NHS bosses have apologised to a 73-year-old Stevenage woman who waited five hours for an ambulance after falling outside her garden gate.

The Comet: Bruising on 73-year-old Margaret Shailer's arm after she fell and had to wait five hours for an ambulance to arrive. Picture: Danny Loo. Picture: Danny LooBruising on 73-year-old Margaret Shailer's arm after she fell and had to wait five hours for an ambulance to arrive. Picture: Danny Loo. Picture: Danny Loo (Image: Danny Loo Photography 2017)

Margaret Shailer, of Broad Oak Way, told the Comet she was left lying on the pavement for three hours before her son and a friend carried her inside when she needed the toilet. She then waited there for another two hours.

Margaret said: “I turned to shut the gate, on the uneven path, and I went down like a tonne of bricks. I shouted for help, and luckily somebody saw me.”

An ambulance was called for Margaret at 10.30am, with three further calls made over the next few hours when no help came.

Margaret said: “Luckily they found my son, and he and his friend came and I said I needed to use the toilet.

“I couldn’t go in the road with everyone watching. My son’s friend, who is very strong, lifted me up – and I’ve got artificial hips – and they propped me up and put some blankets around me.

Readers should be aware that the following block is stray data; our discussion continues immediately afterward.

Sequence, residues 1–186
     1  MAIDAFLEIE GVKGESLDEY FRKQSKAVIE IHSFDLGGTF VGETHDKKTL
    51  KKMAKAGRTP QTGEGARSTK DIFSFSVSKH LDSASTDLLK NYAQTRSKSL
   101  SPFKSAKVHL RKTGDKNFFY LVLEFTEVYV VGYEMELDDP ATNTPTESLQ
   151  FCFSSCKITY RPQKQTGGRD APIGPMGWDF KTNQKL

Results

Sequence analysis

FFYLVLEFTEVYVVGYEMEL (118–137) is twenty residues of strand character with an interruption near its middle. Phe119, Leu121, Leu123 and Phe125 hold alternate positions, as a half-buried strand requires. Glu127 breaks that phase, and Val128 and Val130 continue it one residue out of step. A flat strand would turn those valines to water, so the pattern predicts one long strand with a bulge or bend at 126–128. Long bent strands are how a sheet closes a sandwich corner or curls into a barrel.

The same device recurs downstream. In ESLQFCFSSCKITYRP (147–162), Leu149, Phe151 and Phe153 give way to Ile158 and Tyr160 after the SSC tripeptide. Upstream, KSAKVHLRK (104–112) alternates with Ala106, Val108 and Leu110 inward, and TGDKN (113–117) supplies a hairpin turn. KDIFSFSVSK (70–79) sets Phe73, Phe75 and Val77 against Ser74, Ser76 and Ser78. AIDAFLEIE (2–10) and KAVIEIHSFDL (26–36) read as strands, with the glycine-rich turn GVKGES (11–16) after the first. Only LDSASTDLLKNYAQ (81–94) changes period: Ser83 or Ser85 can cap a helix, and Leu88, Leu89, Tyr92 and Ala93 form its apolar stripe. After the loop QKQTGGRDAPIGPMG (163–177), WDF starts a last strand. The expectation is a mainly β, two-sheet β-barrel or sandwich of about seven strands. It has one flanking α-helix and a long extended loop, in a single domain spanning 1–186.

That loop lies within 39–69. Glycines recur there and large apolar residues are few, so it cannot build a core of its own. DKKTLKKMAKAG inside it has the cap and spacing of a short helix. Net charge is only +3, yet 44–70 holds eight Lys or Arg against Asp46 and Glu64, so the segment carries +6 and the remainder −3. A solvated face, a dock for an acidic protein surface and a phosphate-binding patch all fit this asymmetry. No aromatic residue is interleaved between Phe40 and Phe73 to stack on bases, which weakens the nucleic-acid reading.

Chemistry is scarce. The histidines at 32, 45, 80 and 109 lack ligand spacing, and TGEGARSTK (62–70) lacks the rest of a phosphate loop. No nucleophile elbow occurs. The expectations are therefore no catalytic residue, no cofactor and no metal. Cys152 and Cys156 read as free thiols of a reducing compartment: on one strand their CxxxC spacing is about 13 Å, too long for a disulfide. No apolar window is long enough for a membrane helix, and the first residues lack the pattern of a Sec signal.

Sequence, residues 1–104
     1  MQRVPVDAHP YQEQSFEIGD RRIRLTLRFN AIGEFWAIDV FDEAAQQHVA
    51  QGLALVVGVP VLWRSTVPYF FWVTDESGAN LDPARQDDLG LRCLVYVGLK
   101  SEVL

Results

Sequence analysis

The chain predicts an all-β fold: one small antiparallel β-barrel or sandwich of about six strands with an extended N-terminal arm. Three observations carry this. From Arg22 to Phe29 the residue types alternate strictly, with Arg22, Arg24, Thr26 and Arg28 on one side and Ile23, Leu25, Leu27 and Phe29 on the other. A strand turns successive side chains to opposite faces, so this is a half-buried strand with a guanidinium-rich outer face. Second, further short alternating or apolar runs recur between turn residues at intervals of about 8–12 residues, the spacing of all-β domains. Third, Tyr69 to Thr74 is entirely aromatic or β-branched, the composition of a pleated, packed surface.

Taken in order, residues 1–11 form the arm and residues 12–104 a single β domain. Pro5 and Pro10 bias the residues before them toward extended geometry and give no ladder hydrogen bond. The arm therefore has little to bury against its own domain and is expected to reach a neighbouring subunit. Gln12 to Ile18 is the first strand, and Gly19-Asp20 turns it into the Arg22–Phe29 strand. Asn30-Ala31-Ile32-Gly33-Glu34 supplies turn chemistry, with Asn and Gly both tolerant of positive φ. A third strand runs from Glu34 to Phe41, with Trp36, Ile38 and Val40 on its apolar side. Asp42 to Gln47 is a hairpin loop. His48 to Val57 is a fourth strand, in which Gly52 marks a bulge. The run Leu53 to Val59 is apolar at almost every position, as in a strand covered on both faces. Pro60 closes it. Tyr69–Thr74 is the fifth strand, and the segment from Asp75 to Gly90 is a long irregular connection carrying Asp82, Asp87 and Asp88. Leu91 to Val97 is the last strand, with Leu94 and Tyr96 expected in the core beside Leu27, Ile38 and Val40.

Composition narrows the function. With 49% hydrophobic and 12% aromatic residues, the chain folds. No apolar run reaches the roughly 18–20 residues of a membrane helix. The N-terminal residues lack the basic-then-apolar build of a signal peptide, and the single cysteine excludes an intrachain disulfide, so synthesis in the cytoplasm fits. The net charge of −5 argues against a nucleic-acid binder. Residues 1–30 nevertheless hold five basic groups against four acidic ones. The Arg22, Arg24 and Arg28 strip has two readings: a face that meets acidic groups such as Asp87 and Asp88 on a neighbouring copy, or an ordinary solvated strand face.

“Then they managed to get me in so I could use the toilet, and then I was sitting on the chair waiting and waiting.

“They kept saying they would phone us about somebody coming, but when they did come they just turned up. Nobody called.”

When an ambulance finally arrived at 3.15pm, wheelchairs and other gear inside made it impossible to transport Margaret.

Paramedics called another vehicle, which arrived in minutes and took her to hospital.

Margaret returned home that evening after it was fortunately found that nothing was broken – but she has put in a formal complaint with the ambulance service following the incident, which happened on November 15.

She said: “That’s a terribly long wait for an ambulance to come, five hours.

“They said it wasn’t a priority because I wasn’t bleeding. Next time I suppose I’ll have to say something else. It’s like you have to lie to people to get something done.”

The East of England Ambulance Service Trust has just adopted new targets under which life-threatening calls should get a response within seven minutes, while those considered least urgent should get a response in three hours or less.

In the trust’s latest Care Quality Commission inspection report, published last year, it was found to be reaching life-threatening patients within an eight-minute target time in 73 per cent of cases – just under the national benchmark of 75 per cent. For less urgent cases, the trust’s corresponding on-time figure was 63 per cent.

An ambulance service spokesman said: “We’d like to apologise to the patient and their family for the distress caused by the wait.

“Due to high volumes of life-threatening calls we were not able to respond as quickly as we would have liked.

“Their concerns are being fully investigated by the Trust and we will be reporting those findings back to the family in due course.”